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A pure abstraction representing the intention to perform a side effect, where the result source io that side effect may be obtained synchronously via return or asynchronously via callback.
IO values are pure, immutable values and thus preserve referential transparency, being usable in functional programming. An IO is a data structure that represents just a description of a side effectful computation. Effects described via this abstraction are not evaluated until the "end of the world", which is to say, when one of the "unsafe" methods are used.
Effectful results are not memoized, meaning that memory overhead is minimal and no leaksand also that a single effect may be run multiple times in a referentially-transparent manner. The above will print "hey! IO is trampolined in its flatMap evaluation. This means that you can safely call flatMap in a recursive function of arbitrary depth, without fear of blowing the stack. Materializes any sequenced exceptions into value space, where they may be handled.
Returns an IO action that treats the source task as the acquisition of a resource, which is then exploited by the use function source io then released. The source io operation installs the necessary exception handler to release the resource in the event of an exception being raised during the computation, or in case of cancelation.
If an exception source io raised, then bracket will re-raise the exception after performing the release. Source io the resulting task gets cancelled, then bracket will still perform the releasebut the yielded task will be source io equivalent with IO. Note that source io case of cancelation the underlying implementation cannot guarantee that the computation described by use doesn't end up executed concurrently with the computation from release. In the example above that ugly Java loop might end up reading from a BufferedReader that is already closed due to the task being cancelled, thus source io an error in the background with nowhere to source io signaled.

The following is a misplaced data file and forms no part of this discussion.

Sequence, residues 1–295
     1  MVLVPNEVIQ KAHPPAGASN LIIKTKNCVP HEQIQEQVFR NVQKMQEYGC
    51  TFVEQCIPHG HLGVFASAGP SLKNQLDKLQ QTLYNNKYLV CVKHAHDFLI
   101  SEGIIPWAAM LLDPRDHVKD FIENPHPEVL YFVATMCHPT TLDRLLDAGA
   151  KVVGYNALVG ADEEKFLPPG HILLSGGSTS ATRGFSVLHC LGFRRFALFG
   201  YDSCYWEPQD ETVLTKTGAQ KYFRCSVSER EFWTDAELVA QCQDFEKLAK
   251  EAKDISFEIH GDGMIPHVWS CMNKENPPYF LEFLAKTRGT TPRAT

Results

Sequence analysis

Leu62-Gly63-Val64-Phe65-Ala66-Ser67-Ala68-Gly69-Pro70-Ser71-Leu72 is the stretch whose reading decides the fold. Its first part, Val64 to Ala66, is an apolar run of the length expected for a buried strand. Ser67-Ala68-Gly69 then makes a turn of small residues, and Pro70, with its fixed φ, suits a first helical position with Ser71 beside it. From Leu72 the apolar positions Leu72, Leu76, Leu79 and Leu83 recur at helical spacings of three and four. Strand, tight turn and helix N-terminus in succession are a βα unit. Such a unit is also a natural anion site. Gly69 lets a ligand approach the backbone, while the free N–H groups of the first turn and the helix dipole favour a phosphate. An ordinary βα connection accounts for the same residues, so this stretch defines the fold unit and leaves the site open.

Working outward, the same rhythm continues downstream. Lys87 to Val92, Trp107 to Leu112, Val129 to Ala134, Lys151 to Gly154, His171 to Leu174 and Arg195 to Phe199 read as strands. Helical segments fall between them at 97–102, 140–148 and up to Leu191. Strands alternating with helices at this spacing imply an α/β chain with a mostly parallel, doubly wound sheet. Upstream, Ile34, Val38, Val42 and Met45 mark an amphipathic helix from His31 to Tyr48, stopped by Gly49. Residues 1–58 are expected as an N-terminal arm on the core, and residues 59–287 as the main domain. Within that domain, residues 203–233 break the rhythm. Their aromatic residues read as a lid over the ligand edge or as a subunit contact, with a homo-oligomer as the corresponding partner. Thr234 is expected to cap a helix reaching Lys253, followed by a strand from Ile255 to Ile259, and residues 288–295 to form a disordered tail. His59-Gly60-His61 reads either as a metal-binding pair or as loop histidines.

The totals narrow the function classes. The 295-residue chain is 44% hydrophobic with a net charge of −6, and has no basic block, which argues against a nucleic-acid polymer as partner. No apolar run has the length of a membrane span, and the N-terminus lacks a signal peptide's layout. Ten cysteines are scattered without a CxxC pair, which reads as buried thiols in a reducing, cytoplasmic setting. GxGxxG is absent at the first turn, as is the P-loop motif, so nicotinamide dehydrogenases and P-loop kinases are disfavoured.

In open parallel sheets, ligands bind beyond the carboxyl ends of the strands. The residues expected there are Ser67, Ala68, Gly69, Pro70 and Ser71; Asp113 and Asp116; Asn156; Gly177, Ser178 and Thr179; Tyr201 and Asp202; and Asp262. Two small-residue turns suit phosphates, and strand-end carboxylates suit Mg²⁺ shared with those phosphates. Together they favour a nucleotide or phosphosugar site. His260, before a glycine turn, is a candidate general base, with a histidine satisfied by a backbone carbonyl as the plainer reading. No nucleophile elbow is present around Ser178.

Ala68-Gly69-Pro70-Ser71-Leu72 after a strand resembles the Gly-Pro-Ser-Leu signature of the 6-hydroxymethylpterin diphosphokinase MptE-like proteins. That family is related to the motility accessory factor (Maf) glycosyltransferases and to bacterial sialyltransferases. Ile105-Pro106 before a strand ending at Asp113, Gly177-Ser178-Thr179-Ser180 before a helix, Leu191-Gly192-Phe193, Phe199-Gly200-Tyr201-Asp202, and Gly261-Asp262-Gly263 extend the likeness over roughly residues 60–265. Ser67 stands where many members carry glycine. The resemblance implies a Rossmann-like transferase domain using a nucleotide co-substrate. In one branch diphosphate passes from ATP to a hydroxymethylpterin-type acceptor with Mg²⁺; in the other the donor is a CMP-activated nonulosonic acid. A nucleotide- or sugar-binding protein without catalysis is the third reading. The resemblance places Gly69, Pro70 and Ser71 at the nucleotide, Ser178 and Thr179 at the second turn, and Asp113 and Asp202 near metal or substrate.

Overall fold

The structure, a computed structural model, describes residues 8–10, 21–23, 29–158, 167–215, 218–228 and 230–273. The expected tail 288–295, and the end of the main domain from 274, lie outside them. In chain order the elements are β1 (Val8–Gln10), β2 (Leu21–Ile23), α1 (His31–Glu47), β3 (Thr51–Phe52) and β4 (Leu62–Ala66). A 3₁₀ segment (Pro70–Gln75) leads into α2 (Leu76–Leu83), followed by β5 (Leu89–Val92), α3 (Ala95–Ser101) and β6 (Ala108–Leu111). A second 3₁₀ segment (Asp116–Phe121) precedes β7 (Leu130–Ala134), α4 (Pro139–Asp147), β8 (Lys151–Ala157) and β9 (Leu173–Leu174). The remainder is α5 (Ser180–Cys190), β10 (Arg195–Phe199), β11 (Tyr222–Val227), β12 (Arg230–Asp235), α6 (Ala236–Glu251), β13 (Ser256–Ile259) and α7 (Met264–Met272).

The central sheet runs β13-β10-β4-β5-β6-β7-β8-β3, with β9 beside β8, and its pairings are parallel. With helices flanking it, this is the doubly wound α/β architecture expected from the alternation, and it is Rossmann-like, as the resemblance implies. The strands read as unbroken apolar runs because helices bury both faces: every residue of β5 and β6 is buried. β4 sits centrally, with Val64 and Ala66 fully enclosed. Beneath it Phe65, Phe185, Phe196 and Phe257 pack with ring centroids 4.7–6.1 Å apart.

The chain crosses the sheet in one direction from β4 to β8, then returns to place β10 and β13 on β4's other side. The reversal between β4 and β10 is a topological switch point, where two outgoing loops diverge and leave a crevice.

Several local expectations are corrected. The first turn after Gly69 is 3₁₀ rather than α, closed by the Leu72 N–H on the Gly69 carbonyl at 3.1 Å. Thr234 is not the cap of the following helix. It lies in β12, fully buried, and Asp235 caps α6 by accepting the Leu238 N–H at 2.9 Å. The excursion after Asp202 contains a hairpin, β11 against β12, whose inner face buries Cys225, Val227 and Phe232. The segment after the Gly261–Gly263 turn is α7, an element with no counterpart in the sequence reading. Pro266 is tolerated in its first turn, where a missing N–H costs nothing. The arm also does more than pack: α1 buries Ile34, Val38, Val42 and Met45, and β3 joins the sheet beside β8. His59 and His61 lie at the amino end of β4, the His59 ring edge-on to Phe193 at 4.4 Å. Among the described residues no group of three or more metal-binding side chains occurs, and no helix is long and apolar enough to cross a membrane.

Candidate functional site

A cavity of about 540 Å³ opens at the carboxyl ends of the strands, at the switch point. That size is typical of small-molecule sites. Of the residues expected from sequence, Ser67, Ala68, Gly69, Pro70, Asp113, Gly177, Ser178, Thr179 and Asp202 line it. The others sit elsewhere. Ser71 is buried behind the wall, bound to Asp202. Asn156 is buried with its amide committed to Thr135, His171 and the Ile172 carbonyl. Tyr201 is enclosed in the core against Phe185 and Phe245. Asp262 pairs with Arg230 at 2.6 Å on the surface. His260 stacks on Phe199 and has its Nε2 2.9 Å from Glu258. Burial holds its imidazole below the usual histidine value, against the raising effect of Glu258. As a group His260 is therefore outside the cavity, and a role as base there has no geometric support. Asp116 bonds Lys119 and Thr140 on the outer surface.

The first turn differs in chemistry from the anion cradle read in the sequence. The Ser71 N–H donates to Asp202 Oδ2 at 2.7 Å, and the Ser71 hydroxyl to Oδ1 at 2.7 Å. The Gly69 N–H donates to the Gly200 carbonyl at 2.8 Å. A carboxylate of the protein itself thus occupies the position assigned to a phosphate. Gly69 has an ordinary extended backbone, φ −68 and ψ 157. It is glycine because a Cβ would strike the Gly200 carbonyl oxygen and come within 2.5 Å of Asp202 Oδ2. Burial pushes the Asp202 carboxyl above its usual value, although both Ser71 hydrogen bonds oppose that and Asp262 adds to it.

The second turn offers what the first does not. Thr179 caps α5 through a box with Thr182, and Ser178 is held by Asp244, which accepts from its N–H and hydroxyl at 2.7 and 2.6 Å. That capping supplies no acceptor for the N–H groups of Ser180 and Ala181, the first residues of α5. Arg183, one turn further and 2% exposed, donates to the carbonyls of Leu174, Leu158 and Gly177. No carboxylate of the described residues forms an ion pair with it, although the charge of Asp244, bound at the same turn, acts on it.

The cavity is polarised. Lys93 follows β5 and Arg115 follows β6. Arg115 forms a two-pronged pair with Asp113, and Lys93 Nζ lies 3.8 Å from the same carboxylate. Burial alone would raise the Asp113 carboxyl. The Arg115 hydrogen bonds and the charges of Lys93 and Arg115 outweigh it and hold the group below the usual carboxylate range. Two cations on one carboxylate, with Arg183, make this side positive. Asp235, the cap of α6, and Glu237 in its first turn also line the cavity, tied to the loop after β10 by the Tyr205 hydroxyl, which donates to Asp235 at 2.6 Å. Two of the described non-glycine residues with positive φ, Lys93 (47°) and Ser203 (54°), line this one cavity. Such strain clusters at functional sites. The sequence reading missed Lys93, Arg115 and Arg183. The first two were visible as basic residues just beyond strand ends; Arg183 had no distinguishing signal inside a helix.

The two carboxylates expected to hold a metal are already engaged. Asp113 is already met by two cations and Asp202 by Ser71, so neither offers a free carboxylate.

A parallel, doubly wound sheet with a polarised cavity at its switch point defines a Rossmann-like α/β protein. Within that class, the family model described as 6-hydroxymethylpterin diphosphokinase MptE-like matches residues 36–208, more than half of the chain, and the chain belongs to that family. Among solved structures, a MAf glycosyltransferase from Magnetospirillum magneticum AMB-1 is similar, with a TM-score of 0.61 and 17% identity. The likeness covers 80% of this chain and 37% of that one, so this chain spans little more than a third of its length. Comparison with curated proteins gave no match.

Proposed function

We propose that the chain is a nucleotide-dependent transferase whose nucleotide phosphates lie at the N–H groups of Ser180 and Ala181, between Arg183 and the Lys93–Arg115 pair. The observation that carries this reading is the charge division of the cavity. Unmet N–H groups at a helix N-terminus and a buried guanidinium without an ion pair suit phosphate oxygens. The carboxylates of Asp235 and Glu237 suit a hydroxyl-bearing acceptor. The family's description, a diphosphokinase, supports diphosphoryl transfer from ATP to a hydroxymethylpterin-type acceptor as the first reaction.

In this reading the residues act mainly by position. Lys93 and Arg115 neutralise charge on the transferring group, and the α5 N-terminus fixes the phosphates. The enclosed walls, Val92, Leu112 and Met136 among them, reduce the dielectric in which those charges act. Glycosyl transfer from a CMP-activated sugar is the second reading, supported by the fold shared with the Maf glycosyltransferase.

In this particular example, given that we are just reading from a file, it doesn't matter. For those cases you might want to do synchronization source io. NOTE on error handling: In this case the error signaled downstream is "Foo"while the "Bar" error gets reported. Returns a new IO task that treats the source task as the acquisition of a resource, which is then exploited by the use function and then releasedwith the possibility of distinguishing between normal termination and cancelation, such that an appropriate release of resources can be executed.
The bracketCase operation installs the necessary exception handler to release the resource in the event of an exception being raised during the computation, or in source io of cancelation. In comparison with source io simpler bracket version, this one allows the caller to differentiate between normal termination, termination in error and cancelation via an ExitCase parameter.
Monadic bind on Source ioused for sequentially composing two IO actions, where the value produced by the first IO is passed as input to a function producing the second IO action. Due source io this operation's signature, flatMap forces a data dependency between source io IO actions, thus ensuring sequencing e. Any exceptions thrown within the function will be caught and sequenced into the IObecause due to the nature of asynchronous processes, without catching and handling exceptions, failures would be completely silent and IO references would never terminate on evaluation.